Speaker 2 (29:45):
Yeah, it was a very anxiety provoking time. I have to say. I had never been more grateful for my sobriety than I was when I was going through it. And you know, my sobriety is my first priority. So if I am not sober, I really have nothing. I don’t have my family, I don’t have my career, I don’t have my friends, you know, it all goes. And so I put, I have to put that first. And I wouldn’t say that I felt tempted to drink necessarily on the show, but it is, you know, it is a very alcohol centric environment. Yeah. You know, and I don’t judge anyone. I’m happy for anyone, anyone to do what works for them as long as it makes them happy and they’re not hurting anyone or Right. You know, to each his own. I really, I still hang out with a ton of people who drink and you know, it doesn’t bother me at all. But because it was such a challenging time and I was encountering so much hate
Speaker 1 (30:47):
And this is like online on social media.
Speaker 2 (30:50):
Yeah. From the time that it was starting to be rumor that I was gonna be on the show, there was so much hate coming my way. And it wasn’t even like in my inbox, it was like public on Twitter. Oh. I had to delete Twitter from my phone and like people saying the most vile things, like bringing my children into it. Oh my god. You know, death threats and like, here’s the great thing about sobriety, you know how you’re feeling. Yes. So I was like, this feels wrong. And I touch with how I was like, every bone in my body is saying like, abort, abort. You know, it felt really dishonest to me. I wasn’t comfortable and I was so grateful to have like my barometer in check for like how I was feeling. And I would not have had that if I had been drinking. There’s just no way.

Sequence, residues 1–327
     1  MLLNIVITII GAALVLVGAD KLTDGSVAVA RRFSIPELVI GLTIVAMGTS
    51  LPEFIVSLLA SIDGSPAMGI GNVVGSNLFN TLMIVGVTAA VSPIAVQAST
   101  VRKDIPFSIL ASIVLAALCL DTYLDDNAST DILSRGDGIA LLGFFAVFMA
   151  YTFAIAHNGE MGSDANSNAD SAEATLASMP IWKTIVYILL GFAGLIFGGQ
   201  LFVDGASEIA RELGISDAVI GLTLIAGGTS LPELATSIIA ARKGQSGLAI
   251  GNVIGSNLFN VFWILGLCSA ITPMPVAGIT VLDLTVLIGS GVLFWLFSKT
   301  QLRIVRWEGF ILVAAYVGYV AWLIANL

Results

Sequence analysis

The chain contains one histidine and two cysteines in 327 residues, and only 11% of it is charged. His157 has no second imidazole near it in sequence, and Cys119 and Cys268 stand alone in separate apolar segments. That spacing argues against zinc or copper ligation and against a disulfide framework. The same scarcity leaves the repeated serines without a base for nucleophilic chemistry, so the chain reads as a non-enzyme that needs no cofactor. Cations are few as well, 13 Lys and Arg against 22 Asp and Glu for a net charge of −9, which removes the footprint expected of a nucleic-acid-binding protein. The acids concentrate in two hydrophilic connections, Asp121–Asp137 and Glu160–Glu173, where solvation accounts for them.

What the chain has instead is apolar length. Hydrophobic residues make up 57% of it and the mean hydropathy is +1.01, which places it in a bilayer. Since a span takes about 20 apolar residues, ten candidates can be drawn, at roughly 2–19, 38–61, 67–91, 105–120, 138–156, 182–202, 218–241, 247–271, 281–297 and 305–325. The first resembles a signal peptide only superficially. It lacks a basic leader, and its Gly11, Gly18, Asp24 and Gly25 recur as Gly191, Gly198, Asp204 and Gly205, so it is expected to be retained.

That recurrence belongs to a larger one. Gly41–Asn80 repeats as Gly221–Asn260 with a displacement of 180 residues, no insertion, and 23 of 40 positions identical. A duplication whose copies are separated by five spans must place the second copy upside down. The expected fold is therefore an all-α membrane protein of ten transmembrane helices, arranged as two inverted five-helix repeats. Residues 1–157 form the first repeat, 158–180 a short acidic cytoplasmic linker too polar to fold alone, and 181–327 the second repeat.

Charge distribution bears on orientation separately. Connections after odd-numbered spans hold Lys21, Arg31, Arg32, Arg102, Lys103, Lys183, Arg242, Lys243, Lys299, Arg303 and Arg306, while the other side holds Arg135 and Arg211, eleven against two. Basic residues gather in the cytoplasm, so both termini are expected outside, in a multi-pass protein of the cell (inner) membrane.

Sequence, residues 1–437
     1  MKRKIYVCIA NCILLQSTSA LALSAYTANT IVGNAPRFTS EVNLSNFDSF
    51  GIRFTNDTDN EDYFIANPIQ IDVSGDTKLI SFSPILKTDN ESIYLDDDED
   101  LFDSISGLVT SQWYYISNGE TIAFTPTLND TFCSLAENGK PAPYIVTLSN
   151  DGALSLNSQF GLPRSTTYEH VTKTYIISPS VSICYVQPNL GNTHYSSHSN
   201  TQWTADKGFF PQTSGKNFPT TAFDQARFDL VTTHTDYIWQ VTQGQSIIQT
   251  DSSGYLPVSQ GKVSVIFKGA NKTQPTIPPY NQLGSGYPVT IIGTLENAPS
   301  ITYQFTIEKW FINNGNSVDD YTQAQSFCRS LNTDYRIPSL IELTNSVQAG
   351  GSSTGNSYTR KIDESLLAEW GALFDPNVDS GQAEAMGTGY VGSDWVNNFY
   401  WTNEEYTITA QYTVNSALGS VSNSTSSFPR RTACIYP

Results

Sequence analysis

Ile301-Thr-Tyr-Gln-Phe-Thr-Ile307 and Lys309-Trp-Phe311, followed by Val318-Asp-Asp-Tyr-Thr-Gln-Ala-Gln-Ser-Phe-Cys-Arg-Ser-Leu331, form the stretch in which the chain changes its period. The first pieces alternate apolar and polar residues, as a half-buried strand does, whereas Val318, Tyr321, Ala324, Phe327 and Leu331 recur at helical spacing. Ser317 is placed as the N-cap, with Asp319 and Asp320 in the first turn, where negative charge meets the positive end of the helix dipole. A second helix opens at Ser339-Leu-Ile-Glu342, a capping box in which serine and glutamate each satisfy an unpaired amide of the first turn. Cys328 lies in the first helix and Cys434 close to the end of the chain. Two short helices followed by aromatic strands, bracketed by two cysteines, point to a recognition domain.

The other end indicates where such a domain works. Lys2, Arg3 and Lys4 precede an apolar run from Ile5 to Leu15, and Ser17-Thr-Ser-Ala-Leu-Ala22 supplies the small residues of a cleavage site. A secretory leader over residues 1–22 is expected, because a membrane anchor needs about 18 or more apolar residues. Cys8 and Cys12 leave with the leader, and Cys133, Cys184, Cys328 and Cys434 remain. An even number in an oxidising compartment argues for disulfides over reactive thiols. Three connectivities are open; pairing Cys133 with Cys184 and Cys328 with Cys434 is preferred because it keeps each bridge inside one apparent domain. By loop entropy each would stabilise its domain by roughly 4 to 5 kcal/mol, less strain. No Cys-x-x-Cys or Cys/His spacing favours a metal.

Speaker 1 (31:43):
Speaker 2 (31:44):
And so I remember when I stopped drinking and like hearing about things that people had gone through in sobriety, like deaths, cancer diagnoses, divorce and being like, how the hell do you do that? And then when I went through something hard myself and sobriety, I was like, oh my God, this is so much better. Like, I have tools, I have clarity, I am in touch with my feelings, even if they’re shitty feelings. And yeah. And so it was like my saving grace to be able to, to hang onto that and to know what I needed for myself.
Speaker 1 (32:22):
That makes so much sense. I think it’s such a like yeah, listening to your gut, it’s like learning a new language. Like we have to figure out like, what am I feeling? Oh, wow. And the fact that you could feel that and say like, no, like this is, this is too much. Like everything inside me is telling me no. And then follow through with that and do it and protect yourself and your family and your sobriety. I think that that’s, I mean that’s badass. That’s like the most badass thing you can do
Speaker 2 (32:52):
Really. It felt like a power move. It,
Speaker 1 (32:54):
You know, it was totally a power balance
Speaker 2 (32:55):
Because it’s like I would’ve second guessed, but that’s the best thing. You just, you know what your instincts are telling you and you can trust it. Yes.
Speaker 1 (33:05):